SUPER SURVIVORS: Heels top Owls in 13 innings
North Carolina never showed the dominance that was expected from the No. 1 national seed in the NCAA Tournament during the Chapel Hill Regional.
Still, the Tar Heels showed the resilience that has made them the only team in the country without back-to-back defeats, and that turned out to be enough.
UNC gave up six runs in the top of the ninth, including a two-out grand slam by Tyler Rocklein, and later a three-run homer by Levi Meyer in the 12th. But Mike Zolk tied the game with singles in the bottom half of both innings, and Cody Stubbs hit a game-winning single in the 13th to beat Florida Atlantic 12-11 Monday night at Boshamer Stadium.
While it took one day and a few innings longer than expected, UNC (55-9) is moving on to the super regionals of the NCAA Tournament for the seventh time in 11 seasons.
“That might have been the greatest baseball game I’ve ever been a part of,” Tar Heels coach Mike Fox said. “We withstood a grand slam, a three-run homer, a two-run homer.
"We talk about toughness all the time and trying to recruit tough kids. You can’t coach (it), but we sure do have them on our team and I’m very proud of them. That’s an understatement.”
The Tar Heels will host South Carolina for a best-of-three series that will start Friday at 1 p.m.
The Gamecocks won the 2010 and 2011 College World Series and were runners-up a year ago. They are led by first-year coach Chad Holbrook, a UNC player from 1990-93 who served as an assistant with the Tar Heels for 15 seasons.
After a shocking 3-2 loss to FAU (42-22) on Sunday, the Tar Heels went to drastic measures on Monday, trying to close out the regional with top two starters Kent Emanuel and Benton Moss.
Emanuel, the ACC pitcher of the year who threw 124 pitches over 7.2 innings on Saturday, got five outs but left the bases loaded with two outs in the ninth. Moss, who threw 90 pitches on Friday, came in and allowed the grand slam, putting the Owls in front 8-6.
After being eliminated at home in last year’s regional round by St. John’s, UNC had been one inning away from a second straight shocking exit.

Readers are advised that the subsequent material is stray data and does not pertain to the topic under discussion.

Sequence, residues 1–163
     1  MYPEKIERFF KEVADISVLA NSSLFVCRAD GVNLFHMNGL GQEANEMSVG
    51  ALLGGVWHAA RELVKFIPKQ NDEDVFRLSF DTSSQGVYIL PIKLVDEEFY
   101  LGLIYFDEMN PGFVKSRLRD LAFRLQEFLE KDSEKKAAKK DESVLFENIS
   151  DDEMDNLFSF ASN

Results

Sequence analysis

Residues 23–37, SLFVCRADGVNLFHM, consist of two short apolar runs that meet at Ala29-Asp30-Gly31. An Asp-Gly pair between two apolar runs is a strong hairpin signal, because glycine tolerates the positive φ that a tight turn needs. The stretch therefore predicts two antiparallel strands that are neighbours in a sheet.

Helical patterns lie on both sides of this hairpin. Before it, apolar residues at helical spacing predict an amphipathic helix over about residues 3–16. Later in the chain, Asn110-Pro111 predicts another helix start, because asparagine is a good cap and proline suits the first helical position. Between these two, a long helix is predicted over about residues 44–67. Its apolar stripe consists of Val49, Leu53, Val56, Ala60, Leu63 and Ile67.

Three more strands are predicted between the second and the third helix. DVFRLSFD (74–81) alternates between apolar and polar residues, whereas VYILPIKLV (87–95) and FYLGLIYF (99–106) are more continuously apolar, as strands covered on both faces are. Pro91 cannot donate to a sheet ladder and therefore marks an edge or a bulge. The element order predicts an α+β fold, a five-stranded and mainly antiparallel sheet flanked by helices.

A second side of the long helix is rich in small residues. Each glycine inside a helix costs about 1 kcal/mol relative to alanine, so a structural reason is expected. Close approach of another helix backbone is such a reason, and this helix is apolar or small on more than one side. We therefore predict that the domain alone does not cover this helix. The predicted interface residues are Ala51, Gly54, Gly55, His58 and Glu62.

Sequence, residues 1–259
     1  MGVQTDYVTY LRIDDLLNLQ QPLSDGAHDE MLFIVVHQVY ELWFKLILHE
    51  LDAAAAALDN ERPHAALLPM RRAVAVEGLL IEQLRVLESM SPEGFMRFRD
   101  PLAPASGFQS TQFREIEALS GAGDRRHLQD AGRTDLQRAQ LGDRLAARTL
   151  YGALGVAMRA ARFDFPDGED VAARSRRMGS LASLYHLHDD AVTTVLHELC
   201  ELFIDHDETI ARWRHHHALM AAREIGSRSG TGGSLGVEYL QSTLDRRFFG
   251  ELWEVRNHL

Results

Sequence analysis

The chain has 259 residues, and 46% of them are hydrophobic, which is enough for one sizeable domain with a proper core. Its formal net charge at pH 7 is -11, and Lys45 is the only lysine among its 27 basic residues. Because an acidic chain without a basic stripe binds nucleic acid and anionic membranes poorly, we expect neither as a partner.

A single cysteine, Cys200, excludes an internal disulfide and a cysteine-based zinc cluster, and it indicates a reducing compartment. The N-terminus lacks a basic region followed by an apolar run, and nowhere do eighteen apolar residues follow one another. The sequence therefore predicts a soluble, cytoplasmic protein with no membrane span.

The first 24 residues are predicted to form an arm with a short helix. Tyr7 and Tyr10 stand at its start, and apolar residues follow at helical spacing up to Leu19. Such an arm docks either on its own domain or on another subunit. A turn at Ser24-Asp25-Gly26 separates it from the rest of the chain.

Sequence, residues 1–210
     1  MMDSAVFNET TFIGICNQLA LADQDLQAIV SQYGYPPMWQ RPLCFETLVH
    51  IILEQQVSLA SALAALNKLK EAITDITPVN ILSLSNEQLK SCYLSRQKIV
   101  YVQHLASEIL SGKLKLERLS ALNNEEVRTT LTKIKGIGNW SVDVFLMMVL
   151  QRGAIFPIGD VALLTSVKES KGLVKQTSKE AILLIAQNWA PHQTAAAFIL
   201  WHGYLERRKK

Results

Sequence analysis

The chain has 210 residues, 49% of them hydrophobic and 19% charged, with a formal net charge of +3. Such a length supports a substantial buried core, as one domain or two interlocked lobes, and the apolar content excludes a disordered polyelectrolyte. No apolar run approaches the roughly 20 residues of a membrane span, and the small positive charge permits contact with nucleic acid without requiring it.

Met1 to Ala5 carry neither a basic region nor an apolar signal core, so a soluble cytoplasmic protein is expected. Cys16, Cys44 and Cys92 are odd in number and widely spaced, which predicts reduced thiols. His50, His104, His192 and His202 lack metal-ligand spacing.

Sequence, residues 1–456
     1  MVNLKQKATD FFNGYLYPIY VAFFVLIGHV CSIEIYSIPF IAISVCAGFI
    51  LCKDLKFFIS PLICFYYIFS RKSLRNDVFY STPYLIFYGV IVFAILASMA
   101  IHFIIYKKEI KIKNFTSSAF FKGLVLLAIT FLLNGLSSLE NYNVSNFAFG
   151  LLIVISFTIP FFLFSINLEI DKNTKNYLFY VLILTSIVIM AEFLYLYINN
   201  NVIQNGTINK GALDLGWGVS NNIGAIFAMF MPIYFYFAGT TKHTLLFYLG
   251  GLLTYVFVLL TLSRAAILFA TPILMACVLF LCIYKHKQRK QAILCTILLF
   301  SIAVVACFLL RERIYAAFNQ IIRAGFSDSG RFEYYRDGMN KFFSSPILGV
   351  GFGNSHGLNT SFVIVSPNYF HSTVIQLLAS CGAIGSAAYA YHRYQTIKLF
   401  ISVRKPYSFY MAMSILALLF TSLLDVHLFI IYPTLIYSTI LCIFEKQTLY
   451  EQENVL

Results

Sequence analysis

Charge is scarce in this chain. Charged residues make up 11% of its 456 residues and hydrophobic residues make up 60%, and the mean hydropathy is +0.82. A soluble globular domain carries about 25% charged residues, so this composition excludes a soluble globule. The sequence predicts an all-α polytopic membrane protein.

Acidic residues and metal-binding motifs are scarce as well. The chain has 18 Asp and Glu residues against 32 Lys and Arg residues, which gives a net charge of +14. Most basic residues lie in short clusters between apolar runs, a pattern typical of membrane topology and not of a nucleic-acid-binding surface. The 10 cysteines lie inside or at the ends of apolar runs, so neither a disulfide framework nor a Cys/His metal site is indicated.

Still, UNC was 8-0 after losses — outscoring teams 64-13 in those situations — and the ninth inning Monday would be no different, despite the stakes.
Cody Stubbs led off with a double, and Michael Russell followed with a single. Skye Bolt struck out for the first out as Russell stole second, putting the tying run in scoring position.
That left it to Zolk. The sophomore second baseman had the lowest batting average in the lineup (.264) but came through with a two-run single to right off of FAU closer Hugh Adams, who came in with a school-record 18 saves on the season.
Extra innings were nothing new to UNC, who beat Clemson in 14 innings and N.C. State in 18 innings during last weekend’s ACC Tournament championship run.
Chris McCue entered in the 10th and struck out four batters over the next two innings. But he lost his command, as well, issuing two walks and then giving up a three-run homer to Meyer.
In the bottom of the 12th, the Tar Heels loaded the bases with no outs. Stubbs and Russell walked to make the score 11-10, and after Bolt lined out to the pitcher, Zolk again came through with an RBI single to tie the game. But Stubbs was thrown out at the plate on the play, and Parks Jordan grounded out to send the game to the 13th.
Reilly Hovis (4-0), UNC’s seventh pitcher, struck out Rocklein with two on in the top of the inning.
That gave the country’s second-highest scoring offense one more chance to end the game.
The bottom half started inauspiciously when leadoff hitter Chaz Frank appeared to be safe after a grounder but was called out. It turned out to be the last out of the game.
Landon Lassiter singled, Colin Moran walked and Brian Holberton was hit by a pitch, loading the bases for Stubbs. With a 1-2 count, Stubbs hit a line drive down the left-field line, providing one final bit of suspense about whether it would be fair or foul.
Seven hours after the game was supposed to start — and five hours after it actually did, because of a two-hour rain delay — the ball landed inside the line.